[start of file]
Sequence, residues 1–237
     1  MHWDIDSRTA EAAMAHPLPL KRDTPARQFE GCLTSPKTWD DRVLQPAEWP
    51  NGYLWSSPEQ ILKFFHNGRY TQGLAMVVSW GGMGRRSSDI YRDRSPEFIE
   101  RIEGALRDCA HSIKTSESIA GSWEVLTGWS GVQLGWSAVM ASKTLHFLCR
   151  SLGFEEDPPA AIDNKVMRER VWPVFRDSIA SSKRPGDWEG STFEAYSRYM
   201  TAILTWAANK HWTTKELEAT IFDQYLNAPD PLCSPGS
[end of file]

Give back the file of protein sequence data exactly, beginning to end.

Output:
Sequence, residues 1–237
     1  MHWDIDSRTA EAAMAHPLPL KRDTPARQFE GCLTSPKTWD DRVLQPAEWP
    51  NGYLWSSPEQ ILKFFHNGRY TQGLAMVVSW GGMGRRSSDI YRDRSPEFIE
   101  RIEGALRDCA HSIKTSESIA GSWEVLTGWS GVQLGWSAVM ASKTLHFLCR
   151  SLGFEEDPPA AIDNKVMRER VWPVFRDSIA SSKRPGDWEG STFEAYSRYM
   201  TAILTWAANK HWTTKELEAT IFDQYLNAPD PLCSPGS